As more and more people are vaccinated against Covid, it is still important to take care of our bodies to give them the best chance of fighting the disease, whether it is the coronavirus or even the common cold.
While eating certain foods will not prevent you from contracting the coronavirus, it can help strengthen your immune system, making it easier to fight off the virus.
So, as you’re heading to the supermarket for your next store, it might be worth grabbing a few of these immune system boosters.
A word of warning, however – if you fall into the high-risk category, have an underlying illness, or are concerned about your health – always speak to a healthcare practitioner before drastically changing your diet.
According to the health guidance website, Healthline, most people turn to vitamin C after catching a cold. This is because it helps strengthen your immune system. Vitamin C is believed to increase the production of white blood cells. These are essential for fighting infections.
Popular citrus fruits include grapefruit, oranges, mandarins, lemons, limes and clementines.
âZinc is necessary for a healthy immune system,â according to Melissa Snover, Founder and CEO of Nourished.
“A lack of zinc can make a person more vulnerable to disease.
“This essential nutrient helps maintain the body’s ability to make new cells and enzymes, process carbohydrates, fats and proteins in food, and also increases the speed at which muscles and wounds heal.”
Foods rich in zinc include Red meat, sea ââfood, eggs, nuts, whole grains and legumes, such as Chickpeas, Lentils and Beans.
Broccoli is supercharged with vitamins and minerals. Packed with vitamins A, C, and E, along with many other antioxidants and fiber, broccoli is one of the healthiest vegetables you can put on your table. The key to keeping its power intact is to cook it as little as possible – or better yet, not at all.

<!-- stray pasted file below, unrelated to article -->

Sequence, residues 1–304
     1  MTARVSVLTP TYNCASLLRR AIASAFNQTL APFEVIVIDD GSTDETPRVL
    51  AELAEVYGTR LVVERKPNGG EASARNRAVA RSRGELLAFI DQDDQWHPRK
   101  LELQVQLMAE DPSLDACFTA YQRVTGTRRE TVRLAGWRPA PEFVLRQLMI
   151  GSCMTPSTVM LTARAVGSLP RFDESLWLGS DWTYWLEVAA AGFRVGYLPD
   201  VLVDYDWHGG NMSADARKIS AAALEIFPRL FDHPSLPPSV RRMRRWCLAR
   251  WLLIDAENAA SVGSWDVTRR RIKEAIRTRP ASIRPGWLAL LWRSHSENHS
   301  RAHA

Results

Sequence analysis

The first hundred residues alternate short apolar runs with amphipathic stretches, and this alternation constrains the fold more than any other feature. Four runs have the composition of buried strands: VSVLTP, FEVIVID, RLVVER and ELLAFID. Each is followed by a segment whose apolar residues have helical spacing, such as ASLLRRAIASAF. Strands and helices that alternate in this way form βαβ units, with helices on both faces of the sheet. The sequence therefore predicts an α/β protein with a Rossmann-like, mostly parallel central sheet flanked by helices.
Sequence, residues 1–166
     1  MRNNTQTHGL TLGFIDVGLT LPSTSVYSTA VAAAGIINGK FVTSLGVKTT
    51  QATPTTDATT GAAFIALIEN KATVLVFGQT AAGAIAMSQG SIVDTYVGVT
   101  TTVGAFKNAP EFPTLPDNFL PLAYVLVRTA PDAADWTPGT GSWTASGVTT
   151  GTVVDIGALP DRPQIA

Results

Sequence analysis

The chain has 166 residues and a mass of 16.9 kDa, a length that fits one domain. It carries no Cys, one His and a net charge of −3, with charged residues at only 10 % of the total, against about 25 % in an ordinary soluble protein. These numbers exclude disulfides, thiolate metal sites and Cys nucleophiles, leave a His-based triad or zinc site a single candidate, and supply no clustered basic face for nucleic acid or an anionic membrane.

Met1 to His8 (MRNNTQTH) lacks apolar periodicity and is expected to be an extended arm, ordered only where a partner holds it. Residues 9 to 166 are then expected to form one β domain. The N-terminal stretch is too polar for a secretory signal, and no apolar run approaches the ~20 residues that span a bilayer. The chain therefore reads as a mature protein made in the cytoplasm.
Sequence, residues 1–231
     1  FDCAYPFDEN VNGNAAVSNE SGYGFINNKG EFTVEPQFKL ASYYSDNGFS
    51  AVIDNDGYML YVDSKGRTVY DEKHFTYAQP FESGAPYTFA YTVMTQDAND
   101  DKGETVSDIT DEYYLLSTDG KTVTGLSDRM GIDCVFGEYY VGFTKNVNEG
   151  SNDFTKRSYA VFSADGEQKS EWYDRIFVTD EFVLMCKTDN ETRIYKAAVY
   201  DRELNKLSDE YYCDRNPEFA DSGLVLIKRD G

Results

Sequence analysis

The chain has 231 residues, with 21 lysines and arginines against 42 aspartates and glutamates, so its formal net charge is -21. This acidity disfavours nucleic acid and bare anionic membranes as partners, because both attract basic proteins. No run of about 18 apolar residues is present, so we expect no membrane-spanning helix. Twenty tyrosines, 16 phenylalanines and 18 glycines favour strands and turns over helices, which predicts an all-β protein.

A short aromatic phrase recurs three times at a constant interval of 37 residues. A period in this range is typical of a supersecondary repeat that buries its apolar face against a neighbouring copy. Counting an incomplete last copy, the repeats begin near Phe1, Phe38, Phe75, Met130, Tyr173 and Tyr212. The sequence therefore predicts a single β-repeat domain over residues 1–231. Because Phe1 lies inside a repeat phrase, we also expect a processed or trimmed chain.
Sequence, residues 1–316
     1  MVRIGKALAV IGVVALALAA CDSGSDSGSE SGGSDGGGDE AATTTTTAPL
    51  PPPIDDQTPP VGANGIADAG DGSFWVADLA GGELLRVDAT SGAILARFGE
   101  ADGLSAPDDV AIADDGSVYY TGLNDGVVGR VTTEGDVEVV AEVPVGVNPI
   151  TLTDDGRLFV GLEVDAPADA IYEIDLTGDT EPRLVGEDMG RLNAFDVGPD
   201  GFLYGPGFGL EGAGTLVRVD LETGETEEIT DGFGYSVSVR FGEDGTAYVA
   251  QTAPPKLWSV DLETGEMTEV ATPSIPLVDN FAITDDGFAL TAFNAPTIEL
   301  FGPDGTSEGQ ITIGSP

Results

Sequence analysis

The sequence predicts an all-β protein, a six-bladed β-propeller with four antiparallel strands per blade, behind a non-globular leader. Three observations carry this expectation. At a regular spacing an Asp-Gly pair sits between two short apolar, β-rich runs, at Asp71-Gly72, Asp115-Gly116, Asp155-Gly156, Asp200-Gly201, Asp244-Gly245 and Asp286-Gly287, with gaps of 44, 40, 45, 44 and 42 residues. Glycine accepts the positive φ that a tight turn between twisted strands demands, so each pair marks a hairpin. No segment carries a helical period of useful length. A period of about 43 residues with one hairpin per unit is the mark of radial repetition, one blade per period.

Ginger is another ingredient that many turn to when they feel bad. The antioxidant is believed to fight cold and flu symptoms, fights nausea, and is full of iron, zinc, calcium, and magnesium.
However, it should be noted that a 2013 study showed that fresh ginger can help stimulate the body’s respiratory system, but dry ginger did not show the same results.
Before it became a staple in cooking, garlic was actually used for medicinal purposes. From manganese to vitamins B6 and C, including selenium and fiber, it is rich in compounds that stimulate the immune system.
âGarlic is a powerful antiviral and antifungal agent, and eating it raw or mashed uncooked with your normal food (add it to salad dressings) will kill most disbelievers,â Sara Davenport, health expert and author of Reboot Your Health told Metro.
Look for yogurts that have “live and active cultures” printed on the label, such as Greek yogurt. These cultures can boost your immune system to help fight disease.
According to Healthline, yogurt can also be a great source of vitamin D, so try to select brands fortified with vitamin D. Vitamin D helps regulate the immune system and is believed to strengthen our body’s natural defenses against them. diseases.
Sunflower seeds are packed with nutrients including phosphorus, magnesium, and vitamin B6. They are also incredibly high in vitamin E, a powerful antioxidant.
Vitamin E is important in regulating and maintaining the function of the immune system. Other foods rich in vitamin E include lawyers and dark leafy greens.
âThere are around 400 species of fungi that have been identified with medicinal properties, and many have antiviral, antimicrobial or anti-inflammatory qualities,â says Euan MacLennan, director of herbal remedies at Pukka Herbs and medical herbalist in an NHS practice. in London.
âMushrooms are rich in beta-glucans, natural substances that help ‘prime’ our immune system, making sure it is ready to take action to fight infection. ”
According to Healthline, red peppers contain twice as much vitamin C as citrus fruits. They are also a rich source of beta-carotene. In addition to boosting your immune system, vitamin C can help maintain healthy skin. Beta-carotene helps keep your eyes and skin healthy.
“If you like sauerkraut, miso, kefir and their immune-boosting relatives, just add a spoonful or two a day to your diet,” says Sara Davenport.
“Fermented foods encourage the growth of good bacteria in your gut and when their levels are high, so are your immune levels, defending you against viral infections.”